Commonly Confused Words
Here’s some good council for you: one of the premiere tenants of polished writing is to be conscience of commonly confused words.
It’s not just an ascetic consideration: ignoring this principal can negatively effect readers’ perceptions of your document, even to the point that they might become disinterested—maybe even give it a wide birth.
By contrast, while accurate diction won’t insure that readers will agree with you, if you hone in on the precise terms you want, then, for all intensive purposes, your writing will be more likely to illicit a positive reaction from readers.
Notice anything a little . . . off there?
English is full of homophones—words that sound alike but mean different things—and other words and expressions that are a hair’s breadth (not hare’s breath) from each other in sound and spelling—so much so that they can be hard to tell apart.
Often, these types of errors—variously called eggcorns, mondegreens, and malapropisms—arise from hearing or mishearing a word or expression and not seeing it in print, with the result that we’re sometimes not even aware that the correct form exists!
The best way to avoid these kinds of slips is to study up a bit on commonly confused words and get a sense of the vocabulary available to you. The links below offer a good start; here are some other tips:
- Spellcheck can’t help: commonly confused words are all real words! The grammar checker sometimes gets things right, but it can’t replace your precious brain—or anyone else’s; soliciting human feedback from a GWC coach or other knowledgeable reader is invaluable in this regard.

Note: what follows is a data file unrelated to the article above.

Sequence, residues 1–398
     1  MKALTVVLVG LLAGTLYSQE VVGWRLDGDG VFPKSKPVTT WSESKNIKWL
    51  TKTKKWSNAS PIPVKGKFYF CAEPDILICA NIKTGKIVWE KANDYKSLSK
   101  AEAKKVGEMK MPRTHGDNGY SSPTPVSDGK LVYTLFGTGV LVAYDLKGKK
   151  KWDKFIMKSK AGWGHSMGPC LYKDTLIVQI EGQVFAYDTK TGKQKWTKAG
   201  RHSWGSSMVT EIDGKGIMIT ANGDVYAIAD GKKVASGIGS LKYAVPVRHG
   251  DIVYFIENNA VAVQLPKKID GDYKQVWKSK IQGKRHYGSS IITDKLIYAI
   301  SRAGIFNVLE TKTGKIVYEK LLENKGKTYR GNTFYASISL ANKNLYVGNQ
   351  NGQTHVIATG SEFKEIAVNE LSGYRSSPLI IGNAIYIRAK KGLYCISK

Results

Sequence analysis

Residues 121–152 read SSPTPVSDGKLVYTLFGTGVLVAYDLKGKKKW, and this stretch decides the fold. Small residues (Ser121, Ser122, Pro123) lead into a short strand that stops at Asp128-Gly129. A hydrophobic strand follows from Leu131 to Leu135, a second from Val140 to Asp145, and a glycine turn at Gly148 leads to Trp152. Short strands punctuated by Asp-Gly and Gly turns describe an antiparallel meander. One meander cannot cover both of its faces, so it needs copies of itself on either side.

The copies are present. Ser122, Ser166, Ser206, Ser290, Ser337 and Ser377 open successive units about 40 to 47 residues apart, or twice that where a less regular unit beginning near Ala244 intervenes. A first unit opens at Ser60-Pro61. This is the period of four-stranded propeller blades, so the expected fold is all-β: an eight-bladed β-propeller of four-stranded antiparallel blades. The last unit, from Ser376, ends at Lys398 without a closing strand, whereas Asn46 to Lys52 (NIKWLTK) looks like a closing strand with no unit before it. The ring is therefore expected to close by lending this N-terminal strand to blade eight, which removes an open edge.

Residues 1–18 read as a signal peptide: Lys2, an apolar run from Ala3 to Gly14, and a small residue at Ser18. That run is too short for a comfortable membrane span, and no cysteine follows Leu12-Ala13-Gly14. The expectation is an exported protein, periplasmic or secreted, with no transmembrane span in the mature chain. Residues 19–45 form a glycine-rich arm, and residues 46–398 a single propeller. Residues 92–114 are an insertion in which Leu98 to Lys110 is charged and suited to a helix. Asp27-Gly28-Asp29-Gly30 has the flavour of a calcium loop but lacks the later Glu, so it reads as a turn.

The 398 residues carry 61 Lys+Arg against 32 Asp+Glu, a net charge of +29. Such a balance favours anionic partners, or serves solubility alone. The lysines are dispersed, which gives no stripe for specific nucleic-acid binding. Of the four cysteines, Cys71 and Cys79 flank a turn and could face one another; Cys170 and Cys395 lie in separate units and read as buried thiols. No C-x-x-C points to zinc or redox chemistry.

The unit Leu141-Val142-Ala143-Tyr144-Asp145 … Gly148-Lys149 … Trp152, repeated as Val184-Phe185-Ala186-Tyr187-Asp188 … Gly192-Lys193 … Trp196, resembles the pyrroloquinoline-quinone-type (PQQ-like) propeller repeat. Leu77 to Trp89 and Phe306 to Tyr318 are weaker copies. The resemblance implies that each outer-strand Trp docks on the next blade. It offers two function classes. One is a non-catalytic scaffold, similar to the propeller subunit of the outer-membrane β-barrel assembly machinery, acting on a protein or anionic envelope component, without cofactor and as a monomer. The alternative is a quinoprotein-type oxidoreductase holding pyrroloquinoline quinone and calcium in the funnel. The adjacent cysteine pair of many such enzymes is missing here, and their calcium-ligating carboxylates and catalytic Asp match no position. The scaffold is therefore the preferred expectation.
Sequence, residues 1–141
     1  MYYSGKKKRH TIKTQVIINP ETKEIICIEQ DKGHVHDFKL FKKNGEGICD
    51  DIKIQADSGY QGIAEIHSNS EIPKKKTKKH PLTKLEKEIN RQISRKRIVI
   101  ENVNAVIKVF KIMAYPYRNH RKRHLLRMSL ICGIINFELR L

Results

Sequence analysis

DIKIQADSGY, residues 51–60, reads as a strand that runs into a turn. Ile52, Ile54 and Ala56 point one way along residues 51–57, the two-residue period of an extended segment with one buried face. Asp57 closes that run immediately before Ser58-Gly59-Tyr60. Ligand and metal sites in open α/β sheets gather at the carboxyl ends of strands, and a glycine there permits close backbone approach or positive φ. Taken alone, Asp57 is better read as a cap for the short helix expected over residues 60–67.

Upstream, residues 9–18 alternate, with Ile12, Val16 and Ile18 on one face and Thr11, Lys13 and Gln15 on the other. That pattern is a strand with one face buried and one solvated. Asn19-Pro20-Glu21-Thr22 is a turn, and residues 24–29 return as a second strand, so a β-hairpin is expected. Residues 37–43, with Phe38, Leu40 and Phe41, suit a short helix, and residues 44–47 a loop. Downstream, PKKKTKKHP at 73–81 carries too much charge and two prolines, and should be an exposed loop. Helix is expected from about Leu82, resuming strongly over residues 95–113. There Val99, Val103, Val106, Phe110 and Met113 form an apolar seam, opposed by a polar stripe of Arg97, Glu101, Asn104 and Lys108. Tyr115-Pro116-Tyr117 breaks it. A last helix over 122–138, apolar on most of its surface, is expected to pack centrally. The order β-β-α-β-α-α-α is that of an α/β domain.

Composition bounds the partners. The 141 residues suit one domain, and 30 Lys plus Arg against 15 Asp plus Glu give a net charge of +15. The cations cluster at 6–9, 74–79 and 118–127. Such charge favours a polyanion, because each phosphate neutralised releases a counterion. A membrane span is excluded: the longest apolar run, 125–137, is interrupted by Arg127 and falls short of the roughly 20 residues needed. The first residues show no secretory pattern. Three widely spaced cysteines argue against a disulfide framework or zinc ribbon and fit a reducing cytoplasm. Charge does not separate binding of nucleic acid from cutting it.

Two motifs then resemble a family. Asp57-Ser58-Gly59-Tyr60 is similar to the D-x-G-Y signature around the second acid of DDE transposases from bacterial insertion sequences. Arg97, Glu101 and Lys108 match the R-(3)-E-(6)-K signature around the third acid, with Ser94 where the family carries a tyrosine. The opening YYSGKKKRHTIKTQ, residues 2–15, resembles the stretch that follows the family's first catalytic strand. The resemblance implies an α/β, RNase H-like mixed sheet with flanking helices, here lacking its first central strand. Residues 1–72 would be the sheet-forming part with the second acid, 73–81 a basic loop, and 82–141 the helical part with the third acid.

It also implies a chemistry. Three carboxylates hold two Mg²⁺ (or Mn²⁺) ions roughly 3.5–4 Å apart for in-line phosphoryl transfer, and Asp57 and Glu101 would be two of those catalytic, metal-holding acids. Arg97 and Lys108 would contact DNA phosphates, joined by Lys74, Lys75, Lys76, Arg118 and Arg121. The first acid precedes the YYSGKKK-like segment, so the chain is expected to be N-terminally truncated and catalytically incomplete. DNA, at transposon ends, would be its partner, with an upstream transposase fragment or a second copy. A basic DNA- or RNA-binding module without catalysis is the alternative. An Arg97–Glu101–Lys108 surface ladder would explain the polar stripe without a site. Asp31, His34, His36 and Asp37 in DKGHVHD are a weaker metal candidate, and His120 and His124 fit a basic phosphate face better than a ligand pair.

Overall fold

- If you notice an error in diction, use your word processor’s Find function to check for other spots where the same error might have crept in.
- The dictionary isn’t training wheels: it’s more the actual wheels, a fundamental component of getting your text where it needs to go. Keep one handy and consult it often. The autocomplete feature of electronic dictionaries can reveal similar words you didn’t know existed—but then, so can browsing one of those old two-ton tomes.
There was something off there
The opening paragraphs did indeed contain many errors in usage. The following list points out the errors, with the correct word or phrase following the colon:
- Council: counsel
- Premiere: premier
- Tenants: tenets
- Conscience: conscious
- Ascetic: aesthetic
- Principal: principle
- Effect: affect
- Disinterested: uninterested
- Birth: berth
- Insure: ensure
- Hone: home
- For all intensive purposes: for all intents and purposes
- Illicit: elicit
Ultimately, while these kinds of substitutions might not completely obscure your meaning, they can cause readers to question your knowledge and attention to detail more broadly, whether fairly or unfairly—so it's best to nail down your usage and give them no such opportunity.
More Information on Commonly Confused Words